Stories start with the basics. Construction paper and glue and the fourth of July. The in-ground pool at the house on Main Street and Miss Pat’s birthday cake and crepe paper on the banister. That fat old cat. And then it was Minnie Mouse striped shirts and blue overalls and pretzel rods at lunch time, splinters in my chin. We moved, unencumbered by thought, floating through time without the leaden weights of responsibility, our brains still mushy like Play-Doh, lips salty from goldfish and seaweed cakes. You knew the magic recipe, always enough water, never too much sand.
And now, as I sit and write this, shoveling out bar peanuts with a spoon, broken foot hanging awkwardly off my knobby ankle, bad lounge music drowning out the Germans on either side of me, I am awash in flashes of innocence. The secret garden, behind the trees and over the fence, singularly accessible by way of the sacred quarter. Tuesday night, frogs raining from the sky, waking up to lily pad-covered station wagons. You, the master of hollow wood casing and horse hair strings; me, the master of horseplay. Rambunctious. Clouds on both our ceilings.
Somewhere along the way we struck a balance. Or maybe it was there all along, from the beginning. My noise to your quiet, your blonde to my brown. We could crawl through the mailbox to an underwater world, gold and silver, long hair and mermaid tails. Bleeding hearts in the backyard, torn apart, gave way to magic wands. And somehow, so fast, it was plaid skirts and blazers. Casual Fridays and double pickles. St. Louis and Washington DC and giant trampolines. And then again, so fast, it was over. Back to flared jeans and too-short t-shirts and would you pass the test? Lift up your arms, let me see if your stomach shows.
We found boys. And men. And men who were still boys. Tylers and Bens and Ryans and Brians and Morgans and Austins and Toms. We traded pants and lost our hearts. Lost our minds. Found them again and started all over. Found music, found god, found ecstasy and alcohol and life and death and music again. I stayed up all night and stole the car and slept in your ditch. You climbed out your window and smoked cigarettes on the roof. Hot summer nights and no shoes. You drank my dad’s tequila, I chewed through pills and pen caps. And then, again, it was over, and we were out. Putting needles through our noses, puking all night and sleeping under your bed. The weed doesn’t smell if you exhale through dryer cloths. Cocaine sex can last all night. Breakfast at the sunroom and dinosaur Halloweens.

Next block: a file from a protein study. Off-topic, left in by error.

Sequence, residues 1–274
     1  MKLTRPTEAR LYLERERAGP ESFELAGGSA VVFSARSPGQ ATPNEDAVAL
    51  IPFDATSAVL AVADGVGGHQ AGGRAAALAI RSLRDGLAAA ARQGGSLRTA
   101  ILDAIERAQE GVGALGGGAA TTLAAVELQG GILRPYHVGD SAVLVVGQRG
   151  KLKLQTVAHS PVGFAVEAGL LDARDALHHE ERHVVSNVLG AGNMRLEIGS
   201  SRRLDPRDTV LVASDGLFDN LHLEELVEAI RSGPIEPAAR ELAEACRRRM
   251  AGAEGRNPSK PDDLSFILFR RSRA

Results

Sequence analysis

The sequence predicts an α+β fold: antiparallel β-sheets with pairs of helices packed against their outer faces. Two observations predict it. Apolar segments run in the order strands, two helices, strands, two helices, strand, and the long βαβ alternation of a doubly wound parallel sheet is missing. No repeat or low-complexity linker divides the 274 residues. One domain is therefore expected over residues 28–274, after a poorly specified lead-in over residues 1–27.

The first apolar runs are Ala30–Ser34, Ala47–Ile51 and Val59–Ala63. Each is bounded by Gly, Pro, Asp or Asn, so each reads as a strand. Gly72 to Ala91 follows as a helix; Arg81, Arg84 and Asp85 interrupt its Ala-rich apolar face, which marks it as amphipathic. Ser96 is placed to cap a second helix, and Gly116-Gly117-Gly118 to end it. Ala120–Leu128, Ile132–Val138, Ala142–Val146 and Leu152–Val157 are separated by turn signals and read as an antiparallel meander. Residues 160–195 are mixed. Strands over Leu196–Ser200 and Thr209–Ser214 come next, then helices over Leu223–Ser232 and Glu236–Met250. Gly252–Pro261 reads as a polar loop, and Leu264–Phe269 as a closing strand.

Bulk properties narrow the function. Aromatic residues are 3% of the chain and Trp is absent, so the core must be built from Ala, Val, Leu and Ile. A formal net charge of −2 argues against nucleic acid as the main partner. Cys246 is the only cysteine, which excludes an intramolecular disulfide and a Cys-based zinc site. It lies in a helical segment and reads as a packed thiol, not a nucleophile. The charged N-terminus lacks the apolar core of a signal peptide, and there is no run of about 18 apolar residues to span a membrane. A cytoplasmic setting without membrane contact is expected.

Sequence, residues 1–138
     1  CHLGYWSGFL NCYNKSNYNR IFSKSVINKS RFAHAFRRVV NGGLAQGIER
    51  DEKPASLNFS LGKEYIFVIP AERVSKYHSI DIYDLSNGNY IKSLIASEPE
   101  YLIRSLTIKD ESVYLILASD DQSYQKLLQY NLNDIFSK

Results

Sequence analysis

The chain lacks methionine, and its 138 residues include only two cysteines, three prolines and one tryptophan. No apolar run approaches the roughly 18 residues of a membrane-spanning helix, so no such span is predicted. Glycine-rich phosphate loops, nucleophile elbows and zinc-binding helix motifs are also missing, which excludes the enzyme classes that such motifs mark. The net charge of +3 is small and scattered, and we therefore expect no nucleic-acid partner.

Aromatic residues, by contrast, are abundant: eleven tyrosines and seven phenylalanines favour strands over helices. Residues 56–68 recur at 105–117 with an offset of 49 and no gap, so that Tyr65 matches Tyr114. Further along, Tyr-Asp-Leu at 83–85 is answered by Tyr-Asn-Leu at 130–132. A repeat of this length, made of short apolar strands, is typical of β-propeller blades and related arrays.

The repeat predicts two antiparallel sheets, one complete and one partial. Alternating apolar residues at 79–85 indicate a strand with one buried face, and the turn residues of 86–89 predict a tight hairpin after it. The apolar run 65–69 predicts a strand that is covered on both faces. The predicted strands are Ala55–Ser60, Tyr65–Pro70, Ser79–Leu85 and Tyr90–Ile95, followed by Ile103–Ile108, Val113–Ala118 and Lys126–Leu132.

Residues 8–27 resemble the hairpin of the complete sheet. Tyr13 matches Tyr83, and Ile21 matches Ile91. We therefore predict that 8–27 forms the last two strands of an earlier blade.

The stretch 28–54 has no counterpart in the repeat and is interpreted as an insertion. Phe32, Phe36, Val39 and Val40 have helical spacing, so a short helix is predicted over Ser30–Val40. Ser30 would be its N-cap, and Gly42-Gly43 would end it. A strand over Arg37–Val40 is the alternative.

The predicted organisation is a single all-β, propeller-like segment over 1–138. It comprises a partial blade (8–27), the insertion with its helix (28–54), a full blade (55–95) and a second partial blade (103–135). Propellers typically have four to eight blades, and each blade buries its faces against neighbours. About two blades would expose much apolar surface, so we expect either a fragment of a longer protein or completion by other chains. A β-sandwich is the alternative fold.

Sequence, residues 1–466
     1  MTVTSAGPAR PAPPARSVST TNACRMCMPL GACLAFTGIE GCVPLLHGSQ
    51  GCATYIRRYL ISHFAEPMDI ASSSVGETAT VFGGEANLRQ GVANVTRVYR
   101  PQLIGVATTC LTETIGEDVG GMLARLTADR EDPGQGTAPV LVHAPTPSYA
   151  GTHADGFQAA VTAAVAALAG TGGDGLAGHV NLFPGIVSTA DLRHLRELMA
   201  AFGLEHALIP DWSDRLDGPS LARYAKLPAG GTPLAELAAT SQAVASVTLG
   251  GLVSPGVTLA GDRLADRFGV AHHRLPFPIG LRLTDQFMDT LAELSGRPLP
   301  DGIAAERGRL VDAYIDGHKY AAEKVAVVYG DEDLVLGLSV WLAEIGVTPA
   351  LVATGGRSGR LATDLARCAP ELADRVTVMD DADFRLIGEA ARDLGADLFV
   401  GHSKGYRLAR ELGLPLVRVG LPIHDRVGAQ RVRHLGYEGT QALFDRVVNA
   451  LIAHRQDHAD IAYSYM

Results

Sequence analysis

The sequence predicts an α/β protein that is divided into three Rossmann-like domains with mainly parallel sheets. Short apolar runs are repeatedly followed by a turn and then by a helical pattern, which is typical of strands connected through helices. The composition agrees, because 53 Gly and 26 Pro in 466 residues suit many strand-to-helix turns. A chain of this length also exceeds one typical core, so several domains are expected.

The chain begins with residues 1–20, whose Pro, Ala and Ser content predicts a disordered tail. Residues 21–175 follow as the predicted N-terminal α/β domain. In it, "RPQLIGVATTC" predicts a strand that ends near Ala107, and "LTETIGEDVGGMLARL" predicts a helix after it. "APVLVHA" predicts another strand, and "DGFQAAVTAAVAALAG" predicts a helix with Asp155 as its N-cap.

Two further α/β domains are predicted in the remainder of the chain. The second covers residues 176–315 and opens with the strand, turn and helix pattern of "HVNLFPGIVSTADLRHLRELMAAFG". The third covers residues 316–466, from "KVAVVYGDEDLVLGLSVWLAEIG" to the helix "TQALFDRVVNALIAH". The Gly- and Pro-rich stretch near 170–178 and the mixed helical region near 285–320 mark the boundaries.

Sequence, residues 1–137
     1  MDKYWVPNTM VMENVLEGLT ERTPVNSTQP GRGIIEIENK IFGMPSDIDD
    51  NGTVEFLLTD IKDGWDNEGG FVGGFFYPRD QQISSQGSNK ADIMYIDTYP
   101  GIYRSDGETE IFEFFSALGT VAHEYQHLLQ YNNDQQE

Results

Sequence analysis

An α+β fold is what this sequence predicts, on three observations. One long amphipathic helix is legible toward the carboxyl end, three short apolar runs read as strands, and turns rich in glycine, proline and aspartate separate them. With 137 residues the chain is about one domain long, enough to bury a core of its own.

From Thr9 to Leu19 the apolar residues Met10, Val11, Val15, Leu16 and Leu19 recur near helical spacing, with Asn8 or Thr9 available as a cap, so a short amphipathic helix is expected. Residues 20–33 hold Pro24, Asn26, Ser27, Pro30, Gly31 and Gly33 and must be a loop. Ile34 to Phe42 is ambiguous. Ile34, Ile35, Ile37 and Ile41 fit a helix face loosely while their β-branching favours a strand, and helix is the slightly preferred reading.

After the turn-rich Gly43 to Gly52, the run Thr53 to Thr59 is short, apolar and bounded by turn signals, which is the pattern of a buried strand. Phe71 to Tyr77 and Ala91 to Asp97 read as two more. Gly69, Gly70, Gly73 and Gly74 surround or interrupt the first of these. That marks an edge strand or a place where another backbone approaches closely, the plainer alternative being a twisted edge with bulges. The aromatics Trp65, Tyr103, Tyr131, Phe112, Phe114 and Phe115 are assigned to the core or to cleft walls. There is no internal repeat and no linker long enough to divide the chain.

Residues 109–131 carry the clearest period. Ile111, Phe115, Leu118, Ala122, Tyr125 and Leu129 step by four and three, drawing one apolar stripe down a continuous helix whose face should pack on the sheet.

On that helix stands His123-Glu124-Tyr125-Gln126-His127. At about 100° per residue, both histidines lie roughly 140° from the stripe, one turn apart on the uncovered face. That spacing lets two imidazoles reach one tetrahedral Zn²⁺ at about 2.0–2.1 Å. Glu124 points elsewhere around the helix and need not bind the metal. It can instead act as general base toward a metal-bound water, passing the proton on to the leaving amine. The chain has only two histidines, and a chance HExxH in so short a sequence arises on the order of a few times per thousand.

Still, the music. Every weekend, every week, every day. Everclear and Tab and music. Haircuts and holidays and music. Sailor Jerry and pit bulls and overdoses. And music. When the bottle is empty you can light it on fire. I moved to New York and you worked in a bakery, and we drank and we smoked and we sang full of sorrow, and when they found Brandon dead you called me and we cried and I screamed and we cried and I got in the shower and cried and cried. We lived together in that big brown house and I still never slept. Big plastic cups of boxed wine to come down, and that was the closest I’ve been to over the edge. One foot on the platform, the other foot on the train.
In the wee morning hours, hearing noises outside and seeing mice under doorways, I tipped into the dark side, rescued only by house meetings, the college girl’s intervention. I dropped out and moved to New York again, this time for good. You moved to France, and thank god, returned. And I became an orphan and you became Ivy League and I quit the pills and you cut up caterpillars and studied their guts. And we took the train and spilled our own guts. Round trips on Metro-North and hangovers and hotel rooms.
And now, in a day, a whole country between us. Rings on fingers and suspended promises. When the moon aligns with the street lights.